Institute of Urban and Regional Development
Transit Joint Development in the United States
- Author(s): Robert Cervero
- Peter Hall
- John Landis
- et al.
This report reviews transit-linked development in over two dozen U.S. cities, the history of joint development, and the evolving role of the Federal Transit Administration (formerly the Urban Mass Transit Administration). The report attempts to classify and catalogue existing joint-development projects by size, type, location, and year of completion. Included as an appendix are brief descriptions of the more than one hundred existing U.S. joint-development projects. An analysis was made on the financial impact joint development has had on the capital budgets of transit agencies that pursue joint development and the policy framework in which it occurs.
In addition, the study presents the results of a survey of transit officials responsible for negotiating joint development agreements and their appraisal of its effect on their agency's operating and financial performance as well as other goals.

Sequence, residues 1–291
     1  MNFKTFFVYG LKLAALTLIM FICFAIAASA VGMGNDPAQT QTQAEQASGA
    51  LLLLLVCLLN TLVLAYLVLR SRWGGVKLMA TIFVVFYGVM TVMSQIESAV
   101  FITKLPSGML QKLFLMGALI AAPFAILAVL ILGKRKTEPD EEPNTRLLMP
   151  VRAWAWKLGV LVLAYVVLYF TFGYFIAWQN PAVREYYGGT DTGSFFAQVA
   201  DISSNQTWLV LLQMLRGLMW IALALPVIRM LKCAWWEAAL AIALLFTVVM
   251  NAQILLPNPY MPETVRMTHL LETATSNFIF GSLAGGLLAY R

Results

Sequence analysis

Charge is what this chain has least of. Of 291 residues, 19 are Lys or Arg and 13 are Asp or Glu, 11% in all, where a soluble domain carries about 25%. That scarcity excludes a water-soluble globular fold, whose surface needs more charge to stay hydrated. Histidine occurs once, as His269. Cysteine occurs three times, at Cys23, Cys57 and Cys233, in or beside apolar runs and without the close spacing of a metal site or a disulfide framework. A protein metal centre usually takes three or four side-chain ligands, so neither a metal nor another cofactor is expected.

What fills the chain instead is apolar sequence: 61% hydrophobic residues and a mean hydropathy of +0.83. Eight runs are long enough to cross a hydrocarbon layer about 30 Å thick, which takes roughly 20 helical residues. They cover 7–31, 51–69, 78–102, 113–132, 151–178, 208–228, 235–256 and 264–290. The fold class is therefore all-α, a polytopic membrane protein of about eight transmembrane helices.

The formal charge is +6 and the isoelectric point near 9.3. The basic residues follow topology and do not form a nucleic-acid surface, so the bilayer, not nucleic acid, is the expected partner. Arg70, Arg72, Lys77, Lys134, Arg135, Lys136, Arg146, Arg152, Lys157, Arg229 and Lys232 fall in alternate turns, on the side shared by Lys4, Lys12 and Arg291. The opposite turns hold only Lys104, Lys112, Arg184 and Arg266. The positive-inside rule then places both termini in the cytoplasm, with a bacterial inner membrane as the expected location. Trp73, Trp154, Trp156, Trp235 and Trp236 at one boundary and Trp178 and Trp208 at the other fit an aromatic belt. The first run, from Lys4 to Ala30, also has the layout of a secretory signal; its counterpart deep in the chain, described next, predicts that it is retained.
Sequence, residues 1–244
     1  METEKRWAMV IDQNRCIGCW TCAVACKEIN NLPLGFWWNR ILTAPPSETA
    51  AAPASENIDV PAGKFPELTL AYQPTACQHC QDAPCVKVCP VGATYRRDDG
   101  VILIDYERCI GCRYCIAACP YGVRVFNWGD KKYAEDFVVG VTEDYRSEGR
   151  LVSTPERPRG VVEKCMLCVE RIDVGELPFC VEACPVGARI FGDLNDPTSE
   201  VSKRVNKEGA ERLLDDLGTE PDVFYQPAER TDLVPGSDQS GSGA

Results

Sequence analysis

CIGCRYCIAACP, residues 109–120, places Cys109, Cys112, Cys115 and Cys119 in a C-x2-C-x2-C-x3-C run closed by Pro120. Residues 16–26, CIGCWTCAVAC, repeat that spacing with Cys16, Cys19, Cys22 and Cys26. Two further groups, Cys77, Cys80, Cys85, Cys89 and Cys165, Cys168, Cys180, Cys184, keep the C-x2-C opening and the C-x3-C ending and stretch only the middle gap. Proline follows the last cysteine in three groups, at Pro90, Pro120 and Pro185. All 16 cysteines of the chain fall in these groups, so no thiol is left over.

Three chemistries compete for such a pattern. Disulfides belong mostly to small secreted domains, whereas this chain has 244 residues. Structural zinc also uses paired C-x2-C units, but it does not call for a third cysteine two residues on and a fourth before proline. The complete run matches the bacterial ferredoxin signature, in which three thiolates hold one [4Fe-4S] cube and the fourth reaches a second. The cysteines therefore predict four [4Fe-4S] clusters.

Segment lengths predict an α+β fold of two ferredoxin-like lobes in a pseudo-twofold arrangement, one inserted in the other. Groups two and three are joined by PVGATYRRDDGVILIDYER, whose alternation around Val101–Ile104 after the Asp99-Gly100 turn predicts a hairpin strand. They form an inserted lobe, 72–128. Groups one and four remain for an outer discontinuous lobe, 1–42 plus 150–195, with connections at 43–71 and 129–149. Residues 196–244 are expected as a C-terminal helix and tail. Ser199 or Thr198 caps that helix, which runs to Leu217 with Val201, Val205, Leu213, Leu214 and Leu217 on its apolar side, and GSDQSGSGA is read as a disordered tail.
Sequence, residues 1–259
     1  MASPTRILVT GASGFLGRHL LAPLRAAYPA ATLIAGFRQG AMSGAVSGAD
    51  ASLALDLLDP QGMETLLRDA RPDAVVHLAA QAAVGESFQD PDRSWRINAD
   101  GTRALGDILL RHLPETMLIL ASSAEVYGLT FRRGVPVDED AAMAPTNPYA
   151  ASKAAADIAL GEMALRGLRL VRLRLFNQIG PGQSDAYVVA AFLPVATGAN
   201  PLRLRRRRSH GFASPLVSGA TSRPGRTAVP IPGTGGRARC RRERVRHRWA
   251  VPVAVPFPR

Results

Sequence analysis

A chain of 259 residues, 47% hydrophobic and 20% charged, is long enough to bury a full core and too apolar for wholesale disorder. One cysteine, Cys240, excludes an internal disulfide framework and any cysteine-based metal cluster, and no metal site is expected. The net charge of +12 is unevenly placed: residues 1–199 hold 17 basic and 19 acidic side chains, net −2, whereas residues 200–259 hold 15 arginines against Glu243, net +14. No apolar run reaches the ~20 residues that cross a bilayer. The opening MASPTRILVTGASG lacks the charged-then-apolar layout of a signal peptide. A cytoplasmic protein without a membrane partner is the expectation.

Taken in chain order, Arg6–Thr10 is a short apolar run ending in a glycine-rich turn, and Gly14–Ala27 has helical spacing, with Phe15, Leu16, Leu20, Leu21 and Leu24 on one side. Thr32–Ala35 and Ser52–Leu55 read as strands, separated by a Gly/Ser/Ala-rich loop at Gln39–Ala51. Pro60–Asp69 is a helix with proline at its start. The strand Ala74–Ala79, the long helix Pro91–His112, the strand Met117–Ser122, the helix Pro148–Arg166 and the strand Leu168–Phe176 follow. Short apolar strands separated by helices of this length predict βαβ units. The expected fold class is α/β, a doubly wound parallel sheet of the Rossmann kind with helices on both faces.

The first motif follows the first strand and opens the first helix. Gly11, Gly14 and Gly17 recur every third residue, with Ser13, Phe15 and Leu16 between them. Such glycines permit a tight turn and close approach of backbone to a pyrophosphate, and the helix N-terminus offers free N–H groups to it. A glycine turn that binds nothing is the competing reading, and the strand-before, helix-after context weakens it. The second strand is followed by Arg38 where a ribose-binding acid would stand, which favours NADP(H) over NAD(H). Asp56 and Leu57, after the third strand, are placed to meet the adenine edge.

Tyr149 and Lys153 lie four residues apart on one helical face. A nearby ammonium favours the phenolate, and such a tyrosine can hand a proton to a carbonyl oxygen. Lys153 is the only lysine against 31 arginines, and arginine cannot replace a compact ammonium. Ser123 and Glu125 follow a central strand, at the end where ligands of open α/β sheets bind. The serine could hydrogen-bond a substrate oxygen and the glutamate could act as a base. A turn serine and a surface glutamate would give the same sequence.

Finally, the study uses quasi-experimental and multi-regression analysis to measure the effects of joint development and transit service on commercial real estate market performance indicators such as office rents, office absorption rates, and vacancy rates. From the transit side, a similar analysis was done to measure the effects of joint development on system ridership and revenues. These analyses show that transit service and presence of joint development are statistically correlated with unique benefits to the real estate market, namely higher rents, lower vacancy rates, and faster absorption rates.
The study concludes with an assessment of the institutional and market conditions necessary for successful joint development and recommendations to FTA for promoting and facilitating local joint-development efforts.